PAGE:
It must be the newer trailers and FWs but we regularly got a lot more than one or two days with our battery in our 1993 FW that we purchased in 1993.. We would dry camp, no outlets or water or sewer for four to five days with our initial battery before having to change out for another one. This was before we got a generator. Big difference, I guess, is that we didn't spend a lot of time during the day in the FW, we got out and did things and didn't have an ice maker for the frig or heated door seals, or heavens forbid, a CO2 detector. We had the old regular push and turn light bulbs and would turn off the water heater when we left for the day and didn't have a TV set to run off an inverter. We also turned off the furnace when we were not in the FW as there was no reason to have it running. Also, we turned the furnace down to 55 or 60 when we went to bed and just got some more blankets. Long story short, we have just bought a new FW and will find out how long our batteries will last here pretty soon as we will be going on a little trip in about a month. We talked our dealer into putting two group 27 12-volt batteries into our new FW. Our new FW has a surround sound system with a faceplate that stays on, a CO2 detector that stays on and the frig and furnace. As well, when we turn the lights on in the living room, three of them with two bulbs each come on. It will take us a while, but we will find out how long our batteries last and then, I'll report back.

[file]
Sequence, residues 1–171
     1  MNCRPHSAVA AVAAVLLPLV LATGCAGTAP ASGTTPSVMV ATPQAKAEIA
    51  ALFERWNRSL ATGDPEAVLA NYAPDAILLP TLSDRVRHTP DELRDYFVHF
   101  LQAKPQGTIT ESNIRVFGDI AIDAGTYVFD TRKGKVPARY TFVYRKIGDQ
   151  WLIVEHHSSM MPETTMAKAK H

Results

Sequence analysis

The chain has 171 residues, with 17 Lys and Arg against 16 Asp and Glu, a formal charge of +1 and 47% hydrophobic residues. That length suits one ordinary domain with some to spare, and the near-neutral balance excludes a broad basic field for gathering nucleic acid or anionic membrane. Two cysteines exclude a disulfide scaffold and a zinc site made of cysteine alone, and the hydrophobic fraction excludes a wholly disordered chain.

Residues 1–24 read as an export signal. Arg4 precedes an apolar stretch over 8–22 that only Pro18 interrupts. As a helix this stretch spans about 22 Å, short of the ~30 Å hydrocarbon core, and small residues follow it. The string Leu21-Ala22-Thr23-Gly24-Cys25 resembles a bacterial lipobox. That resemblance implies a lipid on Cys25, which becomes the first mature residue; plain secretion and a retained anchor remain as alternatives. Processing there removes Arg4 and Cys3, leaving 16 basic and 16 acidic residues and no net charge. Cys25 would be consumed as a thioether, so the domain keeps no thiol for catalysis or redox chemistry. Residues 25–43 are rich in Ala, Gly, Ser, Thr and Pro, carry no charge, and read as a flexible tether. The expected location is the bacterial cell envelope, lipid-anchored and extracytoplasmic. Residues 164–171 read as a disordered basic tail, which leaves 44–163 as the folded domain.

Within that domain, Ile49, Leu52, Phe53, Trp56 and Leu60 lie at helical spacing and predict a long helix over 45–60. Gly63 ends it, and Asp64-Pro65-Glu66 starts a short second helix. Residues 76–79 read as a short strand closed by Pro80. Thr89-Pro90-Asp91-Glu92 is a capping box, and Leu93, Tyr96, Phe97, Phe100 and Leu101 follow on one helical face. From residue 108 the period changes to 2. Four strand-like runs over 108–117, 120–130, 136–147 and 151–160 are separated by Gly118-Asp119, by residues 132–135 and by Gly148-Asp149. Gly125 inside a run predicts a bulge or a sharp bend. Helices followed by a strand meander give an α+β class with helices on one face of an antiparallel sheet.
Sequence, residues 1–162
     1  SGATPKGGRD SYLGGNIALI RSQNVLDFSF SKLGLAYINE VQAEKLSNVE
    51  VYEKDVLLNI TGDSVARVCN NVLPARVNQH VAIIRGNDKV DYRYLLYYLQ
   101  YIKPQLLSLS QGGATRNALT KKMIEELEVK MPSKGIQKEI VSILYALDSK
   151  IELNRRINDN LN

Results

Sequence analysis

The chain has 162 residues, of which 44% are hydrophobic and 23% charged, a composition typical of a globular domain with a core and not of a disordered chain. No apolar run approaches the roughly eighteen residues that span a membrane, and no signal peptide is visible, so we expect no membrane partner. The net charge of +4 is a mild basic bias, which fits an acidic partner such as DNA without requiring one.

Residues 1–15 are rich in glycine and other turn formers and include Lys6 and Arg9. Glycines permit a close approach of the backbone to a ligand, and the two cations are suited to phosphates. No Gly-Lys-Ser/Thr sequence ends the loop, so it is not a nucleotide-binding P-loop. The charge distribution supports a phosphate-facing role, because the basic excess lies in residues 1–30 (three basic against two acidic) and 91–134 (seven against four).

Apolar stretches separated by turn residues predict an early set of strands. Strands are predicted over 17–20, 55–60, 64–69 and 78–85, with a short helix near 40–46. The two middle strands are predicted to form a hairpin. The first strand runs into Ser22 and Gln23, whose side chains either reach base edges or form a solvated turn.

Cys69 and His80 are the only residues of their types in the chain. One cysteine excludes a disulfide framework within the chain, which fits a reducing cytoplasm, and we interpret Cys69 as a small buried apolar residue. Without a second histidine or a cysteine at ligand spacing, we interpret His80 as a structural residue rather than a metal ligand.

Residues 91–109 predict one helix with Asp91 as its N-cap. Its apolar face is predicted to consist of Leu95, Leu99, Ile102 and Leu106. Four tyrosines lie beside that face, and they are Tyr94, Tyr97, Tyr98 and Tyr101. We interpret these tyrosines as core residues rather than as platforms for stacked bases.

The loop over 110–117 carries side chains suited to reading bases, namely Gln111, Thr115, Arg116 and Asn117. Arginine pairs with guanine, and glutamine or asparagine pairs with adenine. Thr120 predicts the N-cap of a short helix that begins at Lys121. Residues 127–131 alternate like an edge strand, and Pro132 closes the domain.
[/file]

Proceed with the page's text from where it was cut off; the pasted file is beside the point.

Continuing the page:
Early this year I replaced my two 8D gel cell batteries with two 8D AGM batteries. They are rated at 245 amp hours each. Was easily able to run the furnace two nights, along with fluorescent lights, my CPAP breathing machine, laptop and water pump. Those batteries should last 4 to 10 years, hopefully the latter, if properly maintained! I must admit that I was in a bit of price sticker shock for a while, but thats RVing! Oh, those 8D gel cells that I replace were 10 years old and really getting tired, but still going. And they were not treated properly until I replaced the converter charger a little over a year ago.
There is a great deal that can be done to conserve power. I had a great deal of input into the design and what went into our trailer and that included purchasing marine lights that used a G4 bulb now with LED's, the use of computer case fans Espar diesel heater...
You can change things like light fixtures and certainly install switches to turn things off. I bought a Fuse Buddy which can be plugged into a 12 fuse position to monitor the actual use in that can tell me what draws what.
But as pointed out on another forum, while no more than 50% DOD is the ideal to prolong the life of your battery, unless you are full timing the battery will age out prior to suffering damage from the occasional deeper discharge